some Friends of that meeting, performed the said visit thoroughly, spending therein near two weeks, although closely engaged day by day. After this service, he visited the meetings of Antrim Quarter, and the rest of the meetings of the province in course, finishing his service at the province meeting at Lurgan, the 29th and 30th of the Tenth Month.
The next service I find him engaged in, was a visit to the Monthly Meetings of Mountmelick and Edenderry ; in his letter to me, dated First Month, 1780, he writes, “In the very cold weather which we have had, I visited
all the Particular Meetings of Mountmelick, and Edenderry Monthly Meetings, and though I could not but lament the state of many careless professors, yet I had good satisfaction in discharging my duty therein.”
In the summer of the same year, he made another excursion through some parts of Leinster province, and as far as Waterford. And about the same season as the two past years, viz: on or about the 22nd of Eighth Month, 1780, he set out again on a visit to Friends in the
province of Munster. In his first day's journey his guide dropped his saddle-bags, whereby being deprived of necessary change of linen, &c., for the journey before him, I was told, it put him to a stand whether to proceed or re turn home; and also upon seriously considering the grounds he set out on, and the validity of his commission; and upon consulting the oracle in his own breast, it was intimated to him, that he must go forward, if his life went for it. The first meeting he had, was at Mountmelick, from whence he wrote: “ We had a good meeting here today, which seemed as a fresh seal to my commission, and makes me strongly desire I may be preserved, to attend singly to my duty, and faithfully discharge it.” From Mountmelick, he went by Roscrea, Birr, and Kilconnermore, to Limerick, to the province Meeting for Munster, which, by the account he gave, was said to be the largest that was remembered in that place, many Friends from Leinster attending it; and further, “The kind Father and Author of all our mercies, favors my mind with the sweet sense of his Divine love, and a desire to follow and serve Him, who is a rich rewarder of all his faithful servants. Here, being requested by Friends to forward the family visit, he consented, following therein the pointings of duty. On the Fourth-day after the province meeting, in con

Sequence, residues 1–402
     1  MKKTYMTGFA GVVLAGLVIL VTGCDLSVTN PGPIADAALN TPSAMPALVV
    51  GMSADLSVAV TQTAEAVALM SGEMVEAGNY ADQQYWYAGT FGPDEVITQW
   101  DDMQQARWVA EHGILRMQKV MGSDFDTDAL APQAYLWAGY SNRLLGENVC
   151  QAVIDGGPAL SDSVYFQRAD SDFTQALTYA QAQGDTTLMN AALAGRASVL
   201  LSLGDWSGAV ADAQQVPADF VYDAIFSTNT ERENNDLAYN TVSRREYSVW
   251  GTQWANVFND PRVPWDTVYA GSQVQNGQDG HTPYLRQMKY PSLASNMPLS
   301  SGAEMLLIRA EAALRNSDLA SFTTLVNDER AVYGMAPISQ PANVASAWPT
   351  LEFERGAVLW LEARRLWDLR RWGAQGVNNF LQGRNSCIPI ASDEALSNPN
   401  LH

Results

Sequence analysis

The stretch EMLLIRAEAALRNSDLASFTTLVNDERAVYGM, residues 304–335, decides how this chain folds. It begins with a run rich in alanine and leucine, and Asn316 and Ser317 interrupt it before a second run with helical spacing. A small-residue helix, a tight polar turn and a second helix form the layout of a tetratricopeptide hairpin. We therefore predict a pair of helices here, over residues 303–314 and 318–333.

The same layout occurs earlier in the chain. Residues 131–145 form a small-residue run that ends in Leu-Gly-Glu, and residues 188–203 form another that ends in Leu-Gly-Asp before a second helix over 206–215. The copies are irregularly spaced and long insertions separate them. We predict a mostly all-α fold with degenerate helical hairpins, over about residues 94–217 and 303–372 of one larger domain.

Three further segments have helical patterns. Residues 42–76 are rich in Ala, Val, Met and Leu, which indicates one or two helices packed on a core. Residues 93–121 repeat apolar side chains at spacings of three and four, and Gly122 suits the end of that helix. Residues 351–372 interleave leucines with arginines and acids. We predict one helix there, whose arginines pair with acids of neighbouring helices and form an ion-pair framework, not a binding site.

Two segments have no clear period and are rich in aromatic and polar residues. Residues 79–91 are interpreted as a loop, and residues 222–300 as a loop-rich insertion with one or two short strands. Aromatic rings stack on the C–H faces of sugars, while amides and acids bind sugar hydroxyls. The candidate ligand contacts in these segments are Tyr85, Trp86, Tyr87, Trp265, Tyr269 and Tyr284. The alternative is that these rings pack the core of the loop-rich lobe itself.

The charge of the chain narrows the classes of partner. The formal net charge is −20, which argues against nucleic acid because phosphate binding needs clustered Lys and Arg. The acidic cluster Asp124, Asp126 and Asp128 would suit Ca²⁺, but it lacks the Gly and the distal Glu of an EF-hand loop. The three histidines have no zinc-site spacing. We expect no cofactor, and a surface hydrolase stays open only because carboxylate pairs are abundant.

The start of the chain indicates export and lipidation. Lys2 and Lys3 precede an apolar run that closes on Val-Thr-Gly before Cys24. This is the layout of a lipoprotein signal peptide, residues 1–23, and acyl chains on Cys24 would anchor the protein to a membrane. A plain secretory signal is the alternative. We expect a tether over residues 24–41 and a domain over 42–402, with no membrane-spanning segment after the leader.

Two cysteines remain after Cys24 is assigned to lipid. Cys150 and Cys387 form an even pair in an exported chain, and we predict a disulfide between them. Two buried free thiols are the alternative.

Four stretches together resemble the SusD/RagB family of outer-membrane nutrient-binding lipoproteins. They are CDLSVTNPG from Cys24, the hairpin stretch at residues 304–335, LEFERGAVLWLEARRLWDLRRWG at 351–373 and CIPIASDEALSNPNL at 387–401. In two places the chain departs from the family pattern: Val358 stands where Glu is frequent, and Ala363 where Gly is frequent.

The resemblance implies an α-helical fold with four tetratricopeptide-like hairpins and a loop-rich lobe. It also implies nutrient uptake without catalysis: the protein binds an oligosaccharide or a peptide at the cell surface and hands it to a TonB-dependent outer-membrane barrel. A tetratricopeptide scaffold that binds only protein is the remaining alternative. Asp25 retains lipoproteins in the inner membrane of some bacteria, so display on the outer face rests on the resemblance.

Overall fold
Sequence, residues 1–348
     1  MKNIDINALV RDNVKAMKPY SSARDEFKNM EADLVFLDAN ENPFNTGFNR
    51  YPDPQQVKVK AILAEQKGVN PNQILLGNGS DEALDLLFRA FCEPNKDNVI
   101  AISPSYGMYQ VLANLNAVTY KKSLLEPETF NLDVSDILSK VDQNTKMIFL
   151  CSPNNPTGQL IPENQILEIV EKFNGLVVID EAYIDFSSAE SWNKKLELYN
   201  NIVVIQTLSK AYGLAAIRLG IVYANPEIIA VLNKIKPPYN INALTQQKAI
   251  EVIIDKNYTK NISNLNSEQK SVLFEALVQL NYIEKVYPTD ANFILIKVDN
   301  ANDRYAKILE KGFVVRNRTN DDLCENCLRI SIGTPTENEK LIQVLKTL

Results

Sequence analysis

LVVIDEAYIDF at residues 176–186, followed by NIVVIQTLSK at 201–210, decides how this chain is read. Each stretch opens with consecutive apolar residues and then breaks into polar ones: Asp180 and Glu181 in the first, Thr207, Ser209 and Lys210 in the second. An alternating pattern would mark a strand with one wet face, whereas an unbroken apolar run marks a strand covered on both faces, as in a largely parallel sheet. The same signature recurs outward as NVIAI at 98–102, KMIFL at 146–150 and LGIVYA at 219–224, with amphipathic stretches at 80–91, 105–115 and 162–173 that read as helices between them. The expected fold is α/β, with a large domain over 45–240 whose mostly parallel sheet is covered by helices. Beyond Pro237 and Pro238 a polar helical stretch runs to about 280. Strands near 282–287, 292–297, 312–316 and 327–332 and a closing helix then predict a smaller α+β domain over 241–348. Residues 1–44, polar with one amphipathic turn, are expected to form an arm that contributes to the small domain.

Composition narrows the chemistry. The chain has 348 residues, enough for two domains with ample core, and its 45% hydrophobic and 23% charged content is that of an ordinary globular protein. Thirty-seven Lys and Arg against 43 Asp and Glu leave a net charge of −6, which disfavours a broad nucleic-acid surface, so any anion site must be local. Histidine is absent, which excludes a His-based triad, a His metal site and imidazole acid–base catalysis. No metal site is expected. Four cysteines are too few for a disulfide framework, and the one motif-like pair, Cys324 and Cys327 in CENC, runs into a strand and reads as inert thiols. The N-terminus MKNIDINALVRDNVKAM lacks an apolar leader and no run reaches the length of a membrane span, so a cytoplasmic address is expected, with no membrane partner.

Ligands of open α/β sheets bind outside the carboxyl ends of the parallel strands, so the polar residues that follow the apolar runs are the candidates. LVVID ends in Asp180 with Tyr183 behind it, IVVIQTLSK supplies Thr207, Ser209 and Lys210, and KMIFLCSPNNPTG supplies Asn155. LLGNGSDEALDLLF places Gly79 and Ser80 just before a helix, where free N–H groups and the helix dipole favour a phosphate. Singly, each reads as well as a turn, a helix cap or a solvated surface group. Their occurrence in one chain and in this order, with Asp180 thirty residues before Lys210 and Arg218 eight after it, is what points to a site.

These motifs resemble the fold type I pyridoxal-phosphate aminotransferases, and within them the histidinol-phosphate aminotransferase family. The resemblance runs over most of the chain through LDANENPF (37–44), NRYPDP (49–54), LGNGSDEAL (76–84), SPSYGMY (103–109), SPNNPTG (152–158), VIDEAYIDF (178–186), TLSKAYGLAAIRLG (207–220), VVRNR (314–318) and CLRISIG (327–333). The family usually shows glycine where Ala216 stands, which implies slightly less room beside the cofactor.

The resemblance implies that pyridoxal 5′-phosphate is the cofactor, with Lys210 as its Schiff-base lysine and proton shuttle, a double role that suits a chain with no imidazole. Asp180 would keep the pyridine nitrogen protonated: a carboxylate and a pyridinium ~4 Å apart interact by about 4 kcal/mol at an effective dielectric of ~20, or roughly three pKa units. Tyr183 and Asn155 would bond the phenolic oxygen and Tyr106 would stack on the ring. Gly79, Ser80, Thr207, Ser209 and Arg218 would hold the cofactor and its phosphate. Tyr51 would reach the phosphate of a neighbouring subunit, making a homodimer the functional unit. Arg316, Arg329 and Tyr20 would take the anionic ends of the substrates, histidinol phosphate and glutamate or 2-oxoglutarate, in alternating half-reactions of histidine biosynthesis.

junction with divers Friends of that province, he entered upon this exercising service: his succeeding labors in this and the following service, may be best understood from extracts from his own letters, written to his wife, during his being engaged therein.
Limerick, 1st of Ninth Month, 1780. “On Fourth-day we began the family visit here, and that day we had six solemn opportunities ; visiting so many families, and yesterday we followed the business closely; having eight solemn meetings, some of which held long, so that it was near ten at night when the last of them broke
up. We hope that two days more will be sufficient to finish the family visit here, so after First-day, expect to be thoroughly clear of this part of Munster, and on Second-day to proceed with the Friends who stay with me here, to Cork. To look at the labor in a service of this kind, through such a very large, increasing, extensive meeting as that of Cork, would appear very weighty, and almost terrifying, were it not for the earnest, which the great and good Master hath already given us; who hath led us along, in the sweet enjoyment of his own pure love, and therein hath united our spirits, and hath opened a door of utterance, reaching the witness, and tendering the hearts of many."
“ Cork, 13th of Ninth Month. “ It is now somewhat hard for me to get a little time to write, we are so closely employed from early in the morning till late in the evening. We were on the service yesterday and to-day at a little past seven in the morning. We had nine family meetings on Second-day; yesterday, one before meeting, five after; and to-day hath been a day of almost incessant labor, having had nine family